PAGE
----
A new art exhibition has recently opened in Paris and it's caused a bit of a stir. Housed in the city hall, 'Che in Paris' is dedicated to the life and times of Che Guevara, the Marxist revolutionary who was killed in Bolivia just over fifty years ago.
Guevara had an affection for the French capital, particularly the Louvre, where he would spend hours admiring Jérôme Bosch's 'La Nef des fous'.
The mayor of Paris, Anne Hidalgo, is evidently proud of this link, describing Che Guevara recently as a 'romantic icon', a curious description of a man who oversaw the torture and execution of his class enemies while in charge of La Cabaña prison in Havana.
Hidalgo isn't the first French socialist to wax lyrical about South American Marxists. Jean-Luc Mélenchon, the leader of the far-left France Insoumise, was an admirer of Hugo Chavez, and in 2016 the former Socialist presidential candidate, Ségolène Royal, jetted off to Cuba to attend the funeral of Fidel Castro, describing the man who murdered thousands of his own people as 'a monument to history'.
On her return to France, Royal brushed aside her critics, declaring that it wasn't her job but that of historians to examine the 'light and shade' of the Castro era. Royal's former partner - and the former president of France - François Hollande was championed by his Socialist MPs during his presidency as the worthy successor to Che Guevara, presumably minus the torture and execution.
This moral immaturity isn't just confined to the French left. Jeremy Corbyn's veneration of all things Venezuelan is well-documented, and Bernie Sanders was also once a member of the Castro fan club.
The left's ongoing infatuation with Che Guevara and Chavez would be laughable were it not for the fact that in recent years they've also become smitten with a similarly dangerous ideology, Islamism, succumbing to the same romantic delusions as they did with South American hoodlums who masqueraded as Marxist freedom fighters.
This naivety manifests itself in many forms. Mélenchon's tweet in the summer of 2016, for example, compared the treatment of Muslims in France to that of the wartime Jews, shortly after an Islamist had murdered 86 people in Nice, while Sonia Nour, an assistant to a communist mayor in Parisian suburb, described the Tunisian who stabbed to death two young women outside Marseille train station while screaming 'Allahu akbar' as a 'martyr' .
It's no surprise that many with Marxist leanings have embraced Islamism given some of the ideological similarities; that's why someone like Carlos the Jackal has found the conversion to Islam so easy. Carlos says that revolutionary Islam 'attacks the ruling classes in order to achieve a more equitable redistribution of wealth', but that's not to say he's renounced his roots. When Gilles Kepel claimed he had in a television interview, the French author soon received a letter from Carlos in which he stated he was still very much a Marxist but that 'nowadays Islam is the voice of the oppressed'.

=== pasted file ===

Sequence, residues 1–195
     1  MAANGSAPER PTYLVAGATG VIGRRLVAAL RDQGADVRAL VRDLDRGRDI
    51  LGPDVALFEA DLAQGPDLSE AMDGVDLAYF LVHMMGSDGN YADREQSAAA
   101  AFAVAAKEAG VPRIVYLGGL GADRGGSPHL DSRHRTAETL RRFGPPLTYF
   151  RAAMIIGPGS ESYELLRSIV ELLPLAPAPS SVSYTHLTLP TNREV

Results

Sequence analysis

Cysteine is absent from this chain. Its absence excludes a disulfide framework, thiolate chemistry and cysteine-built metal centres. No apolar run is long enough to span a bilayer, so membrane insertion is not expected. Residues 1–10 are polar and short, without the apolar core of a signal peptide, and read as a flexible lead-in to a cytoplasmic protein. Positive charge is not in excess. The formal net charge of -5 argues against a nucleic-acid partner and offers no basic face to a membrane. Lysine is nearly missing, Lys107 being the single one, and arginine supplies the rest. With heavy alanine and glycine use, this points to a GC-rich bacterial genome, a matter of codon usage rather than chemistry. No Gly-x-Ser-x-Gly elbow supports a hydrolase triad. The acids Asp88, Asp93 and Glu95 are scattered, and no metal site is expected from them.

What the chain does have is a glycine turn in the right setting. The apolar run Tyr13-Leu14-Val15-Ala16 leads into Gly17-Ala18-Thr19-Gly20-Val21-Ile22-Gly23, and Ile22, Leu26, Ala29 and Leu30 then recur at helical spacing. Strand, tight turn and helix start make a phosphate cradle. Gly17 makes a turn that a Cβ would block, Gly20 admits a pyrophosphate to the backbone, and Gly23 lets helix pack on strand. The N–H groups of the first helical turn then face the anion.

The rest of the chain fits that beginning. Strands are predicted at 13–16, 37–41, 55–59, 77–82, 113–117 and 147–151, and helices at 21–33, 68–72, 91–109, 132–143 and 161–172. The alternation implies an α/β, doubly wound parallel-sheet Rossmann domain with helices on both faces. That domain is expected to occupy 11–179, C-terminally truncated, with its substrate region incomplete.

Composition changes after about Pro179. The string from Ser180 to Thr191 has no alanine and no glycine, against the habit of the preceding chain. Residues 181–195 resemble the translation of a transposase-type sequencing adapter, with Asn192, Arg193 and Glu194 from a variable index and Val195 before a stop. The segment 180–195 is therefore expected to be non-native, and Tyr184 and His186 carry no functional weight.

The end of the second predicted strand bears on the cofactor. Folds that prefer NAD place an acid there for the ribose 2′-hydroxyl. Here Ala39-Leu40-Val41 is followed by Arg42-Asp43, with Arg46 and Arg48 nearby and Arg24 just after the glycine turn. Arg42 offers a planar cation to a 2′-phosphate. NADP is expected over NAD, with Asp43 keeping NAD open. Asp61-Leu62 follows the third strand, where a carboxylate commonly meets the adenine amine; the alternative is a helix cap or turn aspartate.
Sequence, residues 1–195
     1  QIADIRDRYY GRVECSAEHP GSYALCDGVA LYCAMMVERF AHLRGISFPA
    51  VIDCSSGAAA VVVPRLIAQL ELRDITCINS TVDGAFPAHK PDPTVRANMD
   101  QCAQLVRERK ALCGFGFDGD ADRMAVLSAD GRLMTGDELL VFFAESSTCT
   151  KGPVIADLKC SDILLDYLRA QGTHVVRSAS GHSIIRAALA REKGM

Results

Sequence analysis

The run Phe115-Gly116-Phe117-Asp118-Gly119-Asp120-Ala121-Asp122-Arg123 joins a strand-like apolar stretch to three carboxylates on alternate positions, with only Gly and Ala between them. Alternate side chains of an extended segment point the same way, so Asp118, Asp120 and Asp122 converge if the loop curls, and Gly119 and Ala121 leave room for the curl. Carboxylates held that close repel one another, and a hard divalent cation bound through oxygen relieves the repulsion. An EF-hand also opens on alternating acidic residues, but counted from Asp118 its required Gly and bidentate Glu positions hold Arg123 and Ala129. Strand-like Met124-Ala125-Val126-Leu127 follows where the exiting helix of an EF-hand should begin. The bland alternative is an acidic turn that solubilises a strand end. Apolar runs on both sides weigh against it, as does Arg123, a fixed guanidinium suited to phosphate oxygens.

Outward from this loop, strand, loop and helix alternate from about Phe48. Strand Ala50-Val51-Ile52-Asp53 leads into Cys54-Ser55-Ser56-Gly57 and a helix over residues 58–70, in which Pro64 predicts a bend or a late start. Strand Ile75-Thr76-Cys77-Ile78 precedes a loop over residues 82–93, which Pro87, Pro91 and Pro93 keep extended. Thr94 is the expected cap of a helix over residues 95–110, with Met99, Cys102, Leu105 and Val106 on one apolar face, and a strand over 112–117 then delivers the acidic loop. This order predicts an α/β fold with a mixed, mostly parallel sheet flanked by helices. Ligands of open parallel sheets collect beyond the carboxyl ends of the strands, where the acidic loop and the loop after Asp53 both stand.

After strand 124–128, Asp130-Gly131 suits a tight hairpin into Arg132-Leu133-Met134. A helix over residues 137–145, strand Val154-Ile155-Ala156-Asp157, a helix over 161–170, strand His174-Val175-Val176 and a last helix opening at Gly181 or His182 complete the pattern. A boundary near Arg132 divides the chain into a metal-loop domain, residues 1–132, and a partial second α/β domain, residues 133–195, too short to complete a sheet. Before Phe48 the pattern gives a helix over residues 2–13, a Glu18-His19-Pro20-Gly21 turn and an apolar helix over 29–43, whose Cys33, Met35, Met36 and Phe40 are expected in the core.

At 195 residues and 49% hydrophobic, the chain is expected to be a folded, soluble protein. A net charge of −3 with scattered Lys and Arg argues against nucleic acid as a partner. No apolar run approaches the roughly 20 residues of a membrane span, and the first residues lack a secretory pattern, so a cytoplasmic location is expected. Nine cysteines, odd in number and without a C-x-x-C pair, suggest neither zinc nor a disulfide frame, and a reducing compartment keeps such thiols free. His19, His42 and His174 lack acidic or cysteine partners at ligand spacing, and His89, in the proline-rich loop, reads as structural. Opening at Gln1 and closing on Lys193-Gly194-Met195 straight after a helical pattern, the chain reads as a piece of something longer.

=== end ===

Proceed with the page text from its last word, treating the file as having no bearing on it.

Similar sentiments have been expressed by some on the French left, such as the journalist Edwy Plenel, who last year accused Charlie Hebdo of waging 'a war against Muslims'.
To commemorate the third anniversary of the Charlie Hebdo killings, an event was held in Paris on Saturday entitled 'Still Charlie!', which was attended by a cross-section of personalities, from the former Prime Minister, Manuel Valls to Inna Shevchenko, founder of the feminist protest group, Femen. In an interview with Le Figaro, one of the organisers, Laurent Bouvet, explained that the purpose of the rally was to express their unyielding commitment to the freedom of expression.
It is a freedom still under attack, not just from the Islamists but also their allies on the left, the intellectual terrorists, whose objective is to intimidate critics into silence with accusations of 'Islamophobia'.
'There is a part of the left that refuses to see the reality of the Islamists' ideology at work under different forms,' said Bouvet. 'There's terrorism and jihadism, of course, but it's also seen in speeches and events skilfully organised to advance into the public domain certain ideas, in particular those opposing the equality of the sexes and the freedom of expression.'
These were just the sort of people that Charb had in mind when he wrote, 'Letters to the fraudsters of Islamophobia', an essay that was published three months after he and his colleagues at Charlie Hebdo were murdered.
Last year Lille University cancelled a theatrical production of Charb's work, for fear it would provoke a disturbance, yet a few months later the same socialist city staged a day's festivities to mark the 50th anniversary of Che Guevara's death. It says much about the idiocy of many of the French left that they can celebrate the life of a South American guerrilla but not that of one of their own who was killed because he believed in free speech.